Inflation has been low for the past 25 years and that sounds like a really good thing. In fact, the inflation rate since 1992 has remained under 3.0% annually every year with just a few exceptions when it was only slightly higher.
That’s 25 years of fairly stable overall consumer prices so you might just think all is well as we roll merrily along in our working years aiming for a great retirement. Unfortunately, if you truly believe that, you are probably not quite getting the impact that even an annually low inflation rate has on your future buying power. The fact is inflation is a merciless tyrant on your financial future.
What is inflation and how does our government calculate it?
To the average consumer, inflation can be easily defined. The standard definition is that inflation is a rise in the average price level of goods and services or a decrease in the purchasing power of the dollar. Further simplified, it means goods and services will cost the consumer more whenever inflation rises (and my bet is that it always will over time!).
The government calculates how the buying power of the dollar changes (using the latest Bureau of Labor Statistics (BLS) inflation information provided in the Consumer Price Index (CPI)) and publishes those figures every month. It compares the difference in that buying power from this year to last year and comes up with the inflation number.
The current inflation rate in the United States is 2.4% for the 12 months that ended March 2018 and published on April 11, 2018 by the U.S. Labor Department. The next update is scheduled for release on May 10, 2018 and will offer the rate of inflation over the 12 months that will end on April 30, 2018.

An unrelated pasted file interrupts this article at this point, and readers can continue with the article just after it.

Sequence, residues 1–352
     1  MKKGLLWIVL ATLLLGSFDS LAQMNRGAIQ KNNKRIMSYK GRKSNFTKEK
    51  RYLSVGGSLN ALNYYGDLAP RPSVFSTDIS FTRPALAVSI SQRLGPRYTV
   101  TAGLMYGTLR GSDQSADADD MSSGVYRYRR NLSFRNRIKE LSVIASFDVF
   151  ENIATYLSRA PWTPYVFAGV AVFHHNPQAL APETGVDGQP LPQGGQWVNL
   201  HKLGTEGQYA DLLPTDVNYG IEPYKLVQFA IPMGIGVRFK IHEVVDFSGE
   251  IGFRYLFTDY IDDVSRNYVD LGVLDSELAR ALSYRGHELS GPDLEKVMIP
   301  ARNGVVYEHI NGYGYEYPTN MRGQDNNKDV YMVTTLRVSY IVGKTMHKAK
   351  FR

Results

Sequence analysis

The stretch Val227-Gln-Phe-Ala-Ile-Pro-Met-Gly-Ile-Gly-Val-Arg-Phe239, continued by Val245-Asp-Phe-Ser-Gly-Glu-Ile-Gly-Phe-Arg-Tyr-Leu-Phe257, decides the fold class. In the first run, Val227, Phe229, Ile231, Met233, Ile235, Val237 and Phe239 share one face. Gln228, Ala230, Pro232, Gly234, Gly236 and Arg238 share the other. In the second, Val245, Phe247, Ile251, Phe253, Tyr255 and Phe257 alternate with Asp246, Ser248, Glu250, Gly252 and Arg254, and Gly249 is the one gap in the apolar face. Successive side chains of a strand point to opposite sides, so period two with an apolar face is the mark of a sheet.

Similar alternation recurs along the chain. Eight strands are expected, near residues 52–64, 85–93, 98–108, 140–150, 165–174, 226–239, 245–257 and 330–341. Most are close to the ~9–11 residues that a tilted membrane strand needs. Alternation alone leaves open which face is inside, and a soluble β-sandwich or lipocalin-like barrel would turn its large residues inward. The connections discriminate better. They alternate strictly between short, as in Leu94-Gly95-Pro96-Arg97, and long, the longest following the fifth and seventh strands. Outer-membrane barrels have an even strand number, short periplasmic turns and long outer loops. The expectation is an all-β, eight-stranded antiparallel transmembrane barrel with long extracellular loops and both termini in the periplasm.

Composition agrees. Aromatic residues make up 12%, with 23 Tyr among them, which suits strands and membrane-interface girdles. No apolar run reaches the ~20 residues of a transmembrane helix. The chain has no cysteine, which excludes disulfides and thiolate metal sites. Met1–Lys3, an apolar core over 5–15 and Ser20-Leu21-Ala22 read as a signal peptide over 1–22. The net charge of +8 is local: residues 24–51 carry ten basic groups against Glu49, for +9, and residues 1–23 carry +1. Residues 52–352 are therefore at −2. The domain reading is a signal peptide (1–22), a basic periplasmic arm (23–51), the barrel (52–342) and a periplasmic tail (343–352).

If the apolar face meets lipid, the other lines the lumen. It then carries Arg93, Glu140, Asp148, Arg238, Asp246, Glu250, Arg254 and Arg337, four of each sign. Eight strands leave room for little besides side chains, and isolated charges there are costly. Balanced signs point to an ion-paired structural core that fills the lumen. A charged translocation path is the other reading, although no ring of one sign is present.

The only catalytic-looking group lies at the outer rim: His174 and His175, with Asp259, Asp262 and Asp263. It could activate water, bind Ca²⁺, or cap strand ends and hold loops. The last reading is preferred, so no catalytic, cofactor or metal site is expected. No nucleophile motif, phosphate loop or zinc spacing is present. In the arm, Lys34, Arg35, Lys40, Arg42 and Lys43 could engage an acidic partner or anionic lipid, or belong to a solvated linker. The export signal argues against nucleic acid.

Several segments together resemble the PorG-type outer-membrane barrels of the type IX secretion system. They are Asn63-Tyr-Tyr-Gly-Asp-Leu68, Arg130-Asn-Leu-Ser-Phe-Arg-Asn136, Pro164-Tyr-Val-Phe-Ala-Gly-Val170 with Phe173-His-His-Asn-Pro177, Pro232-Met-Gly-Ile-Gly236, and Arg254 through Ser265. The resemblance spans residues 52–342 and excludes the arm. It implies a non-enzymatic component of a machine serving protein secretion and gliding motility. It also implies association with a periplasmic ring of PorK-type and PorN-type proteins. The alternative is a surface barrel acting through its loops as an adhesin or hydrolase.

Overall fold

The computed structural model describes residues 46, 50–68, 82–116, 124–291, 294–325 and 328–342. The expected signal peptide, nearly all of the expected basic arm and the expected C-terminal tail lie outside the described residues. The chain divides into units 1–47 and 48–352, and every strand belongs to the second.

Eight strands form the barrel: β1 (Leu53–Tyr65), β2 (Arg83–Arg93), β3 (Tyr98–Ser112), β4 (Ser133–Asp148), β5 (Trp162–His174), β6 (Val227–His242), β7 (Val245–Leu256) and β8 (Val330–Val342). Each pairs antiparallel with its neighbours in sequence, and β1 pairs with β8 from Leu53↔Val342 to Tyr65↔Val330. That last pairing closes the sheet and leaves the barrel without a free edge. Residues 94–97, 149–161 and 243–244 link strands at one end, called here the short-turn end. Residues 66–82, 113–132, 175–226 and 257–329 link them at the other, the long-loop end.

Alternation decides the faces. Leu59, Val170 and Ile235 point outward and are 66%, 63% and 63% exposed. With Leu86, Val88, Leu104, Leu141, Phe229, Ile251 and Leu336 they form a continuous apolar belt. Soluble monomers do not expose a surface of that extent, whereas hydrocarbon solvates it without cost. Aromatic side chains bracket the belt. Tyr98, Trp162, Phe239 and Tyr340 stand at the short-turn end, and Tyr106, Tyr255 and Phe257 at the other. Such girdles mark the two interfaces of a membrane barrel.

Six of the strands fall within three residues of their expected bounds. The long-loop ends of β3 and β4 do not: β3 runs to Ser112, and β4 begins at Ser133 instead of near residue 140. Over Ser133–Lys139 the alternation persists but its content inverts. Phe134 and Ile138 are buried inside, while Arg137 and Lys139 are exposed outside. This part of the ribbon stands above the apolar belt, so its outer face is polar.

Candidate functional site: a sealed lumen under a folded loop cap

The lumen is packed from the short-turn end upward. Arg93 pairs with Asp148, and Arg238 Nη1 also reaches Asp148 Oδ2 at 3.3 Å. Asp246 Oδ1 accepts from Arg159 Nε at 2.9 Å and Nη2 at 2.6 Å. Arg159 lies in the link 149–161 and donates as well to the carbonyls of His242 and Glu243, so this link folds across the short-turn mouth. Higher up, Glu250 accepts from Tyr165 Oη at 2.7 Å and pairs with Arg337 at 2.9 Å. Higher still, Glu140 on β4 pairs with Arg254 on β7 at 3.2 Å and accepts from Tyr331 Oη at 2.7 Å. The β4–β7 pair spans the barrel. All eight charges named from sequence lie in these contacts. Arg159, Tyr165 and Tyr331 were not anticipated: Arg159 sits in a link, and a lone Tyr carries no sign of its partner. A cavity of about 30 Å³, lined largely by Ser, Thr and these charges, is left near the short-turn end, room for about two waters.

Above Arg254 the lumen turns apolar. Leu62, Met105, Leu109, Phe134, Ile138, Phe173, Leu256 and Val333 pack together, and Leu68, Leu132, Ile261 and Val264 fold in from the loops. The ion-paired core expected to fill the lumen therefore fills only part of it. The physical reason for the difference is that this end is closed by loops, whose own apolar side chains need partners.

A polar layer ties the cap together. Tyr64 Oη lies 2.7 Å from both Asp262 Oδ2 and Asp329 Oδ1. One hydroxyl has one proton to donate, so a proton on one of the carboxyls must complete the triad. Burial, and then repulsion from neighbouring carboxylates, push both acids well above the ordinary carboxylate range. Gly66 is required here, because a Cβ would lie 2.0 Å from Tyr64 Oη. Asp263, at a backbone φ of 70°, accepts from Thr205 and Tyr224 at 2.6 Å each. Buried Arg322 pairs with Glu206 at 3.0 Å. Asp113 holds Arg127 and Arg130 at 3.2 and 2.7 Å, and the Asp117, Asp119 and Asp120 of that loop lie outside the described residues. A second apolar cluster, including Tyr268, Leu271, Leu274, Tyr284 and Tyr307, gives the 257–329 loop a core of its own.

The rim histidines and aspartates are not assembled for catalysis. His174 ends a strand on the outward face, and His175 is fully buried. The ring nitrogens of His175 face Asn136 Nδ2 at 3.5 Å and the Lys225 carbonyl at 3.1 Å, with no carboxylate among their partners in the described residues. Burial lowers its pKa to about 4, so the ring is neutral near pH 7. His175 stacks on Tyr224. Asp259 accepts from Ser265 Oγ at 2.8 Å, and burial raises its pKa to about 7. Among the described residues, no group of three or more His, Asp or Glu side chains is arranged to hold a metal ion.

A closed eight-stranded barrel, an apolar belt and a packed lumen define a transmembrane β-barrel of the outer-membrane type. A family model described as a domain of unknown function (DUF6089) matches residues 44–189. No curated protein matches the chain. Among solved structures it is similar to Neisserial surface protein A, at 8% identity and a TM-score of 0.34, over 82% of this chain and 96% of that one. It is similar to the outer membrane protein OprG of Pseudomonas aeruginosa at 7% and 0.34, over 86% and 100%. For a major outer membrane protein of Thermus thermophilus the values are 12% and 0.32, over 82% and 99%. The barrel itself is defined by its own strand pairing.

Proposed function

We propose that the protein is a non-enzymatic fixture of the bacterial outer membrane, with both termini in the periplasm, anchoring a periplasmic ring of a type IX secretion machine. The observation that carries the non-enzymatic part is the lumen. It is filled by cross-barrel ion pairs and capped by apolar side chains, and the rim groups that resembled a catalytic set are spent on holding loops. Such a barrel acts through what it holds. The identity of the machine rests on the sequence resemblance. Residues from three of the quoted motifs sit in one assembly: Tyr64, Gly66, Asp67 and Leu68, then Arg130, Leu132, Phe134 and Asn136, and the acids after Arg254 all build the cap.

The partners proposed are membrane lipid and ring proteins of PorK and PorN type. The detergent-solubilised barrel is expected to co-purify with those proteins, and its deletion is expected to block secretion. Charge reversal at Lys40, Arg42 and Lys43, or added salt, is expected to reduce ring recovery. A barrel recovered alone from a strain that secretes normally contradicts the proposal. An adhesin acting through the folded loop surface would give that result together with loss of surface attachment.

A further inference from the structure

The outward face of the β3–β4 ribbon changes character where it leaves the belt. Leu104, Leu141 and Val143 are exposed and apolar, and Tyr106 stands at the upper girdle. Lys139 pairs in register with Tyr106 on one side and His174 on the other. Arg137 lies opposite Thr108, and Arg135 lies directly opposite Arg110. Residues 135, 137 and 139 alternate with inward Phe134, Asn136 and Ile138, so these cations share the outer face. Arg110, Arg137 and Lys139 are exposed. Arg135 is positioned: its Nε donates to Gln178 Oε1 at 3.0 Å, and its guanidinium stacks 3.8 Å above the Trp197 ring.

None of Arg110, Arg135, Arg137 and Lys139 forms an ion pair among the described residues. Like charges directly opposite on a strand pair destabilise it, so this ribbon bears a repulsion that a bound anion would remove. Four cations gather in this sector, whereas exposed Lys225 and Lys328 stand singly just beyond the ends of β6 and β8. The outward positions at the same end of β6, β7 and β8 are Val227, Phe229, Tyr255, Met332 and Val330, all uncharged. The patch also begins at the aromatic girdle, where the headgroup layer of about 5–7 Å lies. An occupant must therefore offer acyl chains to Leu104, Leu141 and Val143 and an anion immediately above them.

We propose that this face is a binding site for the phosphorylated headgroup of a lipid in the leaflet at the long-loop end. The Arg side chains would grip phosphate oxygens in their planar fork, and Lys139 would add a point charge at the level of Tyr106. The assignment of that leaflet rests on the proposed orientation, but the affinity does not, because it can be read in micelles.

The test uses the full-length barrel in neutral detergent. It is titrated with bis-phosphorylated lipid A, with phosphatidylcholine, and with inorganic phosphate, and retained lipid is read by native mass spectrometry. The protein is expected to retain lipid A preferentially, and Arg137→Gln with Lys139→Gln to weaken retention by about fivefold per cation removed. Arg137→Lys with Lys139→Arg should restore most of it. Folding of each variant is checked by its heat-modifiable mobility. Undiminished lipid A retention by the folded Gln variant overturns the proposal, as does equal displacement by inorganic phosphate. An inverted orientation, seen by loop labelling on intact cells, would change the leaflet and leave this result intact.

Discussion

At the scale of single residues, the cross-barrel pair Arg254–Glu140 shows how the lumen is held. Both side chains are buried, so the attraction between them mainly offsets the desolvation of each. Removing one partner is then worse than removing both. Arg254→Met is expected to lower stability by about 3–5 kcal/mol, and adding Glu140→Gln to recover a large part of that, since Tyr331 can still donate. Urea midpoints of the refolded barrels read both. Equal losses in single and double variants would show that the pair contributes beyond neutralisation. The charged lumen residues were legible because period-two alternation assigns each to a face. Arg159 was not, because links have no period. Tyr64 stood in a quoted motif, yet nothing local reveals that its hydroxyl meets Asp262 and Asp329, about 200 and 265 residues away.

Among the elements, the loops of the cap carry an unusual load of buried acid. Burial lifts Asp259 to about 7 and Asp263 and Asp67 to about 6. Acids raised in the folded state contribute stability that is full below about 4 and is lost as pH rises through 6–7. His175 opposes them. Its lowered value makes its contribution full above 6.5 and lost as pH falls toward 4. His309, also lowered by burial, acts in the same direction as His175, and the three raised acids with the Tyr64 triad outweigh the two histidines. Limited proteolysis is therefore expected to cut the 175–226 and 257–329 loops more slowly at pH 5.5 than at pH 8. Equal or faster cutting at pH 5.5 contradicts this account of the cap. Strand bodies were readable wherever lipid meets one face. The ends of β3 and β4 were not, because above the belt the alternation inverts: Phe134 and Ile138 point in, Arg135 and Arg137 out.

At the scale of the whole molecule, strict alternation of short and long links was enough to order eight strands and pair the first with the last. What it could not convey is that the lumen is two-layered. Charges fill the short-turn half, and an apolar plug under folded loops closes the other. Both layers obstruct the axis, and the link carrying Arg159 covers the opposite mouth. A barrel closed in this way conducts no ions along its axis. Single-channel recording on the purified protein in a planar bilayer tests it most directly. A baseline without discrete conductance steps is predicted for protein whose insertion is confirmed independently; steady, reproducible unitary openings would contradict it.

The terminology about inflation can be confusing
Perhaps no other word in the English language strikes more fear in the hearts of consumers than “inflation”. It likely could also be said that a majority of those same people do not adequately understand the economic principles behind inflation. The confusion is understandable since economists themselves can spend their entire lives studying inflation and still be in disagreement about its specific causes and effects.
I’m not an economist, I just play one on this blog but facts are facts (paraphrasing what Dragnet’s Joe Friday once said) and that’s all I am dealing with here. Here are some important terms definitions you often hear talked about:
What is core inflation?
Core inflation is the measure of inflation that excludes certain items known for their volatility, like food and energy prices.
What is deflation?
Deflation is the opposite of inflation—a continuous decrease in prices, or continuous rise in the dollar’s value. During the Great Depression, Americans experienced deflation at its worst. Prices plunged, no one had money to spend, hire, build, or do much of anything. That didn’t change until WWII, about 15 years later. Deflation reduces demand since consumer spending is greatly reduced and in turn leads to increasing unemployment.
What is disinflation?
Disinflation is a slowing of the inflation rate over a period of time. For example, if the inflation rate was 1.3% in one month and moved to 1.2% in the next, this could be described as a period of disinflation. Deflation and disinflation are often confused. For deflation, the rate of inflation must actually drop to below 0%. If the inflation rate was very low to begin with, disinflation can lead to deflation.
What is hyperinflation?
Very simply, hyperinflation is runaway inflation—inflation that is totally “out of control”.
What is stagflation?
Stagflation is a period of time when inflation is high, economic growth is very weak, and unemployment is high.
What is a recession?
In the most simplistic terms, a recession happens when a country experiences negative growth over a period of time. Generally, it occurs when a country’s Gross Domestic Product (GDP) declines for two or more consecutive quarters.
What is a depression?